Empirical treatment with hydroxychloroquine and azithromycin for suspected cases of COVID-19 followed-up by telemedicine
|Date||April 15, 2020|
A non-randomized, prospective study in Sao Paulo, Brazil of 636 symptomatic outpatients treated with hydroxychloroquine for 7 days and azithromycin for 5 days vs control group showed a significant decrease in need for hospitalization. Only 1.9% versus 5.4% of patients in the treatment group needed hospitalization compared to the control group (p < 0.001) with a number needed to treat (NNT) of 28.
Of note, this study relied on diagnosis of COVID-19 based on constellation of symptoms instead of PCR or serology testing.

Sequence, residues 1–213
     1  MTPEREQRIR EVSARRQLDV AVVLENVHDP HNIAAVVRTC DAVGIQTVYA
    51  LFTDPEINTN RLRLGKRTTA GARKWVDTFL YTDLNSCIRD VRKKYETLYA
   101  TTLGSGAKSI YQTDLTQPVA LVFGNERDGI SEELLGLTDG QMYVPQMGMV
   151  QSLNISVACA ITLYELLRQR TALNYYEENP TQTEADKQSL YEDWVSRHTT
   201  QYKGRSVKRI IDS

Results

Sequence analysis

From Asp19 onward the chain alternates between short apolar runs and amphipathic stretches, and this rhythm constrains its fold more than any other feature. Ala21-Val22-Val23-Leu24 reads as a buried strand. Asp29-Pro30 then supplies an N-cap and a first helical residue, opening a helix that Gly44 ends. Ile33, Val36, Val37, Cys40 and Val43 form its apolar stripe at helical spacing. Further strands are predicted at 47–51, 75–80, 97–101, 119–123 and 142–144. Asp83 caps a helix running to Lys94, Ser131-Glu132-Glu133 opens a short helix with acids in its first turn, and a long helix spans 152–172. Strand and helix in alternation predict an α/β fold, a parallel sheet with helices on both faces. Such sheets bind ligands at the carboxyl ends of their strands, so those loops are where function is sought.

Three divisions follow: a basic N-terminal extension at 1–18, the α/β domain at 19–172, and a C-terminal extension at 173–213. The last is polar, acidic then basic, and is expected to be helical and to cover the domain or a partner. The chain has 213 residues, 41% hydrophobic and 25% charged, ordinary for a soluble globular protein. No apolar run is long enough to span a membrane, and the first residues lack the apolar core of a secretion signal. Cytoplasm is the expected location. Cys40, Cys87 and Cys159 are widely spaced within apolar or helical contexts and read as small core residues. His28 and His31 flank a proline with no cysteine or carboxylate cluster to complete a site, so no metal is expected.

This study was never formally published due to discrepancies between study protocol and approval by the ethics review board.
The study has been challenged because the treatment group was clinically sicker at baseline than the control group, with dyspnea reported in 22.1% vs 16% (p < 0.0001).
Lastly, inclusion criteria was based on flu-like symptoms as opposed to positive COVID-19 PCR testing.
The study design in its final form did not receive approval by the responsible ethics review board.
This was one of the first studies assessing efficacy of hydroxychloroquine and azithromycin in early, outpatient treatment of COVID-19.
None at this time.